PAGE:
Theyre all subcontractors now, so Ive not go no employees at all. It has changed several times. Traditionally, for years, people used to get their holiday stamps in the building trade, because somebody would have work now, and then when that contract finished, they didnt have any, and somebody else had got the work, and people would move on. And so what they done is, they used to keep a holiday book, buy the stamps, and that way theyd get their holiday pay, but they were always self-employed. And then the government decided that we should all be employed, which doesnt really work, because we just cant guarantee people work, basically, and so after a while, people drifted away, went self-employed again. But now theyre trying to get everybody to go back employed again, so were getting hassle now, but subcontractors all come on the cards. National Insurance contributions, theyre much less if youre self-employed. So thats what theyre after, the employers contribution towards the employees National Insurance, which I dont have to pay. But theyre changing all the rules continuously.
Revolutions in tools – William Sparrow
Mainly its been tools which have sort of revolutionised things, and the amount of work which people do. I still use the same traditional sort of methods of construction if I can. If Im building a new house, I like to do it much the same as has always been done, you know, with a brick and block cavity wall. New things, insulation has absolutely gone over the top now! You cant get air into the houses now, so you have to put vents in, built in, so people dont suffocate! Which always seems a bit pointless! But weve put in massive foundations for everything, for even the slightest thing that always seems a shame to me.
People used to build on good ground, thats one of the big differences. So if its a bit of rubbishy old ground, you didnt build there, theres no point, you might as well build on the good bit, so somewhere like Keelars Lane, those foundations up there were all hand-dug – bungalows, you know, four or five people would do it in a day, just dig it out with a wheelbarrow, and then theyd hand mix all the concrete and put it in, whereas now, the foundations are so huge that you couldnt contemplate it! So its still dug in a day, but now its done with a big excavator, and the concretes still poured in a day. We just have loads of lorries coming in, and instead of having four or five people do it, weve just got one chap on the dumper and one on the digger, and the two people there for the concrete pour.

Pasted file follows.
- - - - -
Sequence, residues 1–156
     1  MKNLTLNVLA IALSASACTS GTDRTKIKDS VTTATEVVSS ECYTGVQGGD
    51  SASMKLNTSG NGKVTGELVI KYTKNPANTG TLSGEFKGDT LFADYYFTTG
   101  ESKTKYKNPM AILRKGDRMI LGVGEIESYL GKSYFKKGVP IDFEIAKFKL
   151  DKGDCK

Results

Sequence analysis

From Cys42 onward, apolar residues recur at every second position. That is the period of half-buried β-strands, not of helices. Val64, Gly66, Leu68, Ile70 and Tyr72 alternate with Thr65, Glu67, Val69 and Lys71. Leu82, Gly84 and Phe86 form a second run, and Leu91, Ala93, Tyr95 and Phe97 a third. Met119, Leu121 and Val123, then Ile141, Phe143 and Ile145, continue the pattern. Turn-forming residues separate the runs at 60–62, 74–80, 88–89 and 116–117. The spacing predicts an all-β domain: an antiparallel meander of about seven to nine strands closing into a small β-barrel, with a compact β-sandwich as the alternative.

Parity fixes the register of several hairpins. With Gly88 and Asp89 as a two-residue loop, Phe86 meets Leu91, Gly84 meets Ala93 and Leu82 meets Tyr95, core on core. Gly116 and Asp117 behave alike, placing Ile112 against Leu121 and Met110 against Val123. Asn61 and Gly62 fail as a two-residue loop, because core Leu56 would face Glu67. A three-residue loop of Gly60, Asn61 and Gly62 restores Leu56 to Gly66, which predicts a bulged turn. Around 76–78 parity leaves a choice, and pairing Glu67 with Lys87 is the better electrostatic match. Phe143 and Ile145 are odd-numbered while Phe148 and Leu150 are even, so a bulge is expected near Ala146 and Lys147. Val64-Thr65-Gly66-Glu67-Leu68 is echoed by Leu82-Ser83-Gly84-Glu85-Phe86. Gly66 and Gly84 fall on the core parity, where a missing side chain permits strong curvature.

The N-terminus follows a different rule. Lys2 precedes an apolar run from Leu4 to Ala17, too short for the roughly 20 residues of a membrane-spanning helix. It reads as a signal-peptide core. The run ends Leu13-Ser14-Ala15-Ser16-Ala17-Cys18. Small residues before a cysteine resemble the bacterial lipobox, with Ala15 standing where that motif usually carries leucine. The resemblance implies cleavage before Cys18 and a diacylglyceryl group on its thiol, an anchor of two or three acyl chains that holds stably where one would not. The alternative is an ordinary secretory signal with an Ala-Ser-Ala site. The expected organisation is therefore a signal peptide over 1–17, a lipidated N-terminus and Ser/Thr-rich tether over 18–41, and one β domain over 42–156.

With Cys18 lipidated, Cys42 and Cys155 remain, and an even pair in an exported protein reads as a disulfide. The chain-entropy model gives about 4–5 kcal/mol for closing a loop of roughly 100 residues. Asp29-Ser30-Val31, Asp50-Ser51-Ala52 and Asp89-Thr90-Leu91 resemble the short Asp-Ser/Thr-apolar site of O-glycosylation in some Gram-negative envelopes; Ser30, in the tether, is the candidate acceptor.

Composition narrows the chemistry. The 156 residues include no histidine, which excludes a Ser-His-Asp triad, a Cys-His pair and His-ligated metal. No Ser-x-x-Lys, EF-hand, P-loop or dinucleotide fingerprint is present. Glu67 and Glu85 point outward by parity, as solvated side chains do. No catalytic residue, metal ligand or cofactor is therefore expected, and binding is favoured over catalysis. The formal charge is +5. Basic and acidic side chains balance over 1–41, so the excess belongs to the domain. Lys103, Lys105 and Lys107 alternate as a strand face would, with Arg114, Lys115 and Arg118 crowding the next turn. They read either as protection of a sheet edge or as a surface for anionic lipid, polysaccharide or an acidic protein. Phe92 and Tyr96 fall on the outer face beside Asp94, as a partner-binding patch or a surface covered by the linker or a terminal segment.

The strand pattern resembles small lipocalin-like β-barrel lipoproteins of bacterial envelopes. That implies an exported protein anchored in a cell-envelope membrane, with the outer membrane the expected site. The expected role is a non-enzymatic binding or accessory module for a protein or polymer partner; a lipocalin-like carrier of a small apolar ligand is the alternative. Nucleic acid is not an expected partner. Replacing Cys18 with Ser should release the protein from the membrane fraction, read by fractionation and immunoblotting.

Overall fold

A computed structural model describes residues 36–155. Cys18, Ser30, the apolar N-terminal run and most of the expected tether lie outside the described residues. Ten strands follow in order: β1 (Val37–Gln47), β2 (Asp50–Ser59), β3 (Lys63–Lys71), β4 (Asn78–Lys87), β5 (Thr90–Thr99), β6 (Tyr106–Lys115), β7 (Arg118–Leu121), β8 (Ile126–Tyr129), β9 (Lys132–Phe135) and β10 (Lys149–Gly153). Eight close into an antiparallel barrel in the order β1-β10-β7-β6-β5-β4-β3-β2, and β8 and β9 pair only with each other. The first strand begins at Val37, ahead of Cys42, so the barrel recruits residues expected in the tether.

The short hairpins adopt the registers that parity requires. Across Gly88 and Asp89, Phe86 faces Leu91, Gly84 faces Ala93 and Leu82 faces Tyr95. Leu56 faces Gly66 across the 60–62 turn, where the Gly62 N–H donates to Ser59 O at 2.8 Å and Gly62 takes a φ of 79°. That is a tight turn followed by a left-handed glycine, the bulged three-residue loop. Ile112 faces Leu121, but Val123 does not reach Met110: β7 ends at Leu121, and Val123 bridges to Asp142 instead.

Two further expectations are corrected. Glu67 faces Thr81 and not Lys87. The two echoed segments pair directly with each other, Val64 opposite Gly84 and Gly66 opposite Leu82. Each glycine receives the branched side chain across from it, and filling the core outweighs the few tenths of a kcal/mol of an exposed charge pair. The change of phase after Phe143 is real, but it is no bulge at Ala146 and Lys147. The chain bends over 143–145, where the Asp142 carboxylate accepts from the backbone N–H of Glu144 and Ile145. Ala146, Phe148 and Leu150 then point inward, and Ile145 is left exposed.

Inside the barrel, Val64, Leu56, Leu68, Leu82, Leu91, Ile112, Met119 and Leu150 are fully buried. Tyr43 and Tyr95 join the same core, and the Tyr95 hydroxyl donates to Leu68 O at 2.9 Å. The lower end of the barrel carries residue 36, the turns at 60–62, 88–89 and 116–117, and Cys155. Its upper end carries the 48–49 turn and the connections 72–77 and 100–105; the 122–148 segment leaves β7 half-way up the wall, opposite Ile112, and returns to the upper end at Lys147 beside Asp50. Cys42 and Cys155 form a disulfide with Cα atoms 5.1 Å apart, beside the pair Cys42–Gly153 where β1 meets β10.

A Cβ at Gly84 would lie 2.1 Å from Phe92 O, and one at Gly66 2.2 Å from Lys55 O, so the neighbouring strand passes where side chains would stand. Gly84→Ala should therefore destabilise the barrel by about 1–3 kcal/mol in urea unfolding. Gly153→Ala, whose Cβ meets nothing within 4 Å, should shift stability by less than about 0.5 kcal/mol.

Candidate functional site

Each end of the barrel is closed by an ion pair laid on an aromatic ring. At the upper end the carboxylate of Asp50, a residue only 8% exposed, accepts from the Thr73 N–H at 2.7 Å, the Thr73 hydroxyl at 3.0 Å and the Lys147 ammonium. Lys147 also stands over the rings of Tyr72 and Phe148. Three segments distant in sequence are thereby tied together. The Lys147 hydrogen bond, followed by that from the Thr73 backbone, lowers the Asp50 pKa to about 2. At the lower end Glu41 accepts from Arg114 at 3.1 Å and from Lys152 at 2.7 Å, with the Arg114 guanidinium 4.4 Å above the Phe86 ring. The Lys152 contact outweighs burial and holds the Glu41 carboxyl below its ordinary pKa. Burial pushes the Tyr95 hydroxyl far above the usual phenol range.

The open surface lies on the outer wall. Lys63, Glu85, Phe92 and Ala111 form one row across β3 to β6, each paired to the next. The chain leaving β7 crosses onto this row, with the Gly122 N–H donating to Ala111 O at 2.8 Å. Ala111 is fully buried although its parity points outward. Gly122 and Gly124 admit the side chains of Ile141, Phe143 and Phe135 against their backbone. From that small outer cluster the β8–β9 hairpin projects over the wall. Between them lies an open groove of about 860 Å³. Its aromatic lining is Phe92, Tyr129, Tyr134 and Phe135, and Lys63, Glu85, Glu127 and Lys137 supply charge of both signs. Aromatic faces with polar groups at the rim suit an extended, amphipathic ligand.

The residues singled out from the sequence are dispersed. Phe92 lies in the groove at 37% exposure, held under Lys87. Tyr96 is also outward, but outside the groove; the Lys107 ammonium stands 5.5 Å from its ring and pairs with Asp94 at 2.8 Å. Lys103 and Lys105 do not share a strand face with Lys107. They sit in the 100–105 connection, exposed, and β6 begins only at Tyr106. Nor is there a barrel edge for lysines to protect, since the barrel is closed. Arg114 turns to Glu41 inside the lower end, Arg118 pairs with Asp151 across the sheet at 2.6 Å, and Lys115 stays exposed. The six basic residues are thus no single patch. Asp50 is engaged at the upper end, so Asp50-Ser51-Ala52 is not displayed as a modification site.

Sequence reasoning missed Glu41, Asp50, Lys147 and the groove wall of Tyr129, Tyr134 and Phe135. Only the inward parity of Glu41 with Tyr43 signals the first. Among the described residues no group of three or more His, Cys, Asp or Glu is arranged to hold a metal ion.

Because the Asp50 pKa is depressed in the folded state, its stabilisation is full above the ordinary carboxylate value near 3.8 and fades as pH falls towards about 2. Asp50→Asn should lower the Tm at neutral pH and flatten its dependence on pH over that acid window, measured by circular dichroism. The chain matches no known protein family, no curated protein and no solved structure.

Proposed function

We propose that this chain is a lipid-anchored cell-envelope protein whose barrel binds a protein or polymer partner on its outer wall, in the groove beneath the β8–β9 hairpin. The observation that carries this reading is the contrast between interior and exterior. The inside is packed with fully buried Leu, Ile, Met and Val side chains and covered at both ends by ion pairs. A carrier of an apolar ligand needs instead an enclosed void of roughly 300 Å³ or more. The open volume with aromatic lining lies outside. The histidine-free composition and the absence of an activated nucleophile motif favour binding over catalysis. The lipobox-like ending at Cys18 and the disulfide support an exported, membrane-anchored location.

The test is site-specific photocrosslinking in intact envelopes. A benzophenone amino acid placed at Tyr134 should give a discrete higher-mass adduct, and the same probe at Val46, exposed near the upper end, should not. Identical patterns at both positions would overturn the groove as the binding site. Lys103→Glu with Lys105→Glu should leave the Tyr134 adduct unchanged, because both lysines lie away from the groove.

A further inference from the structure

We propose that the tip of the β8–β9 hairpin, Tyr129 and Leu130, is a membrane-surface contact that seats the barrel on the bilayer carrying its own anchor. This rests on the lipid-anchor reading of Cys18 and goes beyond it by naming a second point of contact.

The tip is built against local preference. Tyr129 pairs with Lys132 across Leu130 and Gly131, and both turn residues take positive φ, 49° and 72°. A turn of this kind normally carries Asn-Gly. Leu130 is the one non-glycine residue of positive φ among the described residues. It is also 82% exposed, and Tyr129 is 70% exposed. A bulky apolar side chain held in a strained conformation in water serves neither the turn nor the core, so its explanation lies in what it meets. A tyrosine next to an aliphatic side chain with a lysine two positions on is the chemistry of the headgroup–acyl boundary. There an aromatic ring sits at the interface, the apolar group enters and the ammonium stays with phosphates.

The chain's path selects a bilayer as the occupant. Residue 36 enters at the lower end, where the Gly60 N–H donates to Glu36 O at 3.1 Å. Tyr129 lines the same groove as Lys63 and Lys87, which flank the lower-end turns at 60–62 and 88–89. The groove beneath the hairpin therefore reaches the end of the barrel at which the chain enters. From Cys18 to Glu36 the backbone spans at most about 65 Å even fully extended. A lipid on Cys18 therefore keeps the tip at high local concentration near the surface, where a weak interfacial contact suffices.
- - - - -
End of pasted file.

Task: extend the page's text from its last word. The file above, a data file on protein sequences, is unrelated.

Were filling the gaps, because lands so valuable now. But we can pile anything with the little mini pilers, they can get them in anywhere, so theres nowhere you cant build. But its meant the methods have had to change, you know, to get suitable foundations and stuff in.
The Local Authority are good really, and they help us with all the regulations. We work to drawings most of the time, so its the job of the surveyor or the engineers – he will put all of the current Building Regulations on there, so well get the drawing, well look, well have a list, and it will tell you on there how deep and wide the foundations need to be. Theyve just steadily got bigger and we have to employ different techniques to get them in, but we all learn from each other.
The workshop like at the back was just very basic. There is nothing much in my memory there, really. It was just somewhere to store a few tools and bits of materials, but we didnt have anything like as much equipment to take to jobs. We had so much more time to do a job! Comparatively, wages were so much lower than what the materials – the materials were the expensive part of the job, and the labour was cheap, whereas now, its the other way round. You know, we just waste and throw away, you know, it makes you sad to see how much you throw away really, but its not worth picking it up and salvaging it and storing it. But labour – you cant let anybody sit still for a minute. So its completely the opposite, really, to how it was.
Time and rush – William Sparrow
The main difference is the rush. You know, every day is a hurry. We didnt used to worry about that when I first started work. It wasnt just because I was younger, wed knock off when it was dark, and if it was raining, wed, you know, paint scaffold tubes, or wed just do odd jobs in the yard, and now, theres nothing to do in the yard like that now. Youd have to send people home and not pay them, you cant afford to say, Well, you know, the weathers a bit inclement, well stay in and well sort out the workshop. None of the maintenance jobs get done, basically. Im sure it applies throughout really. People dont get time to do things. I mean, everything we throw away – we dont sharpen saw blades, nothing like that, we just throw them away and buy a new one, because I cant pay a carpenter to set and sharpen his saw, because he can spend an hour doing that, and, at £15 an hour, I can buy a saw, brand new, which will be sharper than hell ever get his one that hell sharpen, for about £4 or £5. So I just bring a new one back and he throws the old one away. Which, as I say, is a shame, but that is how its all set up.
I dont regret it – William Sparrow